I needed it to stop, but a precedent had been set for the kids that daddy came to the house, which was hard to break. I felt torn. My counsellor helped me to identify how and why I was allowing this unacceptable behaviour from my ex-husband. I had spent years normalising and justifying his behaviour as being in the interests of the children, and there is truth to that; he loves them and believes in what he’s saying. But it took a while to see that there was also a fierce power struggle and a need for him to have things on his terms, whether consciously or not on his part. It became inevitable that he would have to stop coming to spend time in my home, so eventually, with a weight of guilt around changing things for the children, I put a stop to it. Now when he visits mid-week, he collects them, takes them for a few hours, drops them home and leaves. The children have adjusted amazingly quickly.
The backlash was inevitable and one of the reasons I put off making the decision for so long. I received an email from him telling me I was bitter, angry, stubborn and stuck in the past. He asserted that my life must be deeply unhappy for me to be to continue to judge him on what he did back then, and to be so unkind to him.
The irony is that my decision had nothing to do with what he did 6 years ago and everything to do with his behaviour since, and how I will no longer put up with it. In fact, 6 years ago when I was at my angriest and in most pain, I continued to allow him into my home every day because it was what I thought was best for our children. I never let my bitterness or resentment back then affect his contact or relationship with them, and I am proud of that. It took courage to close the door of my home to him after all this time, but it’s how it should have been years ago. We will always be connected through our children, and correspondence about their lives and plans will carry on as normal. But I moved on from him a long time ago and having my ex spending time in my house was, in fact, the thing that was stuck in the past.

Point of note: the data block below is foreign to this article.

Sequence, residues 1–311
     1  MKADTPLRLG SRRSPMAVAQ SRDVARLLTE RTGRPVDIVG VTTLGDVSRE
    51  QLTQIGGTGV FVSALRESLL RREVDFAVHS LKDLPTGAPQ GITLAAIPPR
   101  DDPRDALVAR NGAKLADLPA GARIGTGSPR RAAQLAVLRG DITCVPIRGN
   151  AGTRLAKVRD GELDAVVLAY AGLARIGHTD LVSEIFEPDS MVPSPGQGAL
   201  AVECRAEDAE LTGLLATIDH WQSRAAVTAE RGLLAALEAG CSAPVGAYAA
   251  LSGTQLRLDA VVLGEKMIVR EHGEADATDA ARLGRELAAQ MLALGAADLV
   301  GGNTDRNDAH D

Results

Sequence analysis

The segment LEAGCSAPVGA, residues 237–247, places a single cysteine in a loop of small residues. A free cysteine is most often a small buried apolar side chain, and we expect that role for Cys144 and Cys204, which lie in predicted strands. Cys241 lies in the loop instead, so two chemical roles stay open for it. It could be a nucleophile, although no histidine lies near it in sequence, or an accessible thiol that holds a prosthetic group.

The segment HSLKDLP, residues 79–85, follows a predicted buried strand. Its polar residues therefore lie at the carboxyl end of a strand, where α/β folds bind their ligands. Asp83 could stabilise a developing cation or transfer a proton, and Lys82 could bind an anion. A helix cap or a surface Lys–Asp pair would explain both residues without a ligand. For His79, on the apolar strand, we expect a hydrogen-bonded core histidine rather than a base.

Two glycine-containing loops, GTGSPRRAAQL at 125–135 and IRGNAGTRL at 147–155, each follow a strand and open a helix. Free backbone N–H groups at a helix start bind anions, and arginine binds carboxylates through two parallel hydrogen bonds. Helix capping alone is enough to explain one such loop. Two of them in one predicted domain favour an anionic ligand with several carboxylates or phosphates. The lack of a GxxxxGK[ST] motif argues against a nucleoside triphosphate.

This is what I went to counselling to achieve without even knowing it. I attended fortnightly therapy, not always conscious of what would come up each time, but being safely held while I raised a host of painful issues spanning 40 years. In those hour-long sessions I released ghosts; conditions of worth; ideas about myself, ideas about others, stuck emotions and unsaid words. I had my injustices witnessed and believed, and my feelings validated. I learned to be accepting and tolerant, but also more boundaried and able to speak up for myself. I challenged myself to see other perspectives; I was encouraged to be honest about what was my stuff, yet clear about what was most definitely not. I am so grateful for the opportunity and the therapist that helped me get there.
I’m still, and always will be, a work in progress, but I feel that through this year and a half of work (as therapy undoubtedly is!), I have achieved huge closure. My house feels lighter and I feel freer.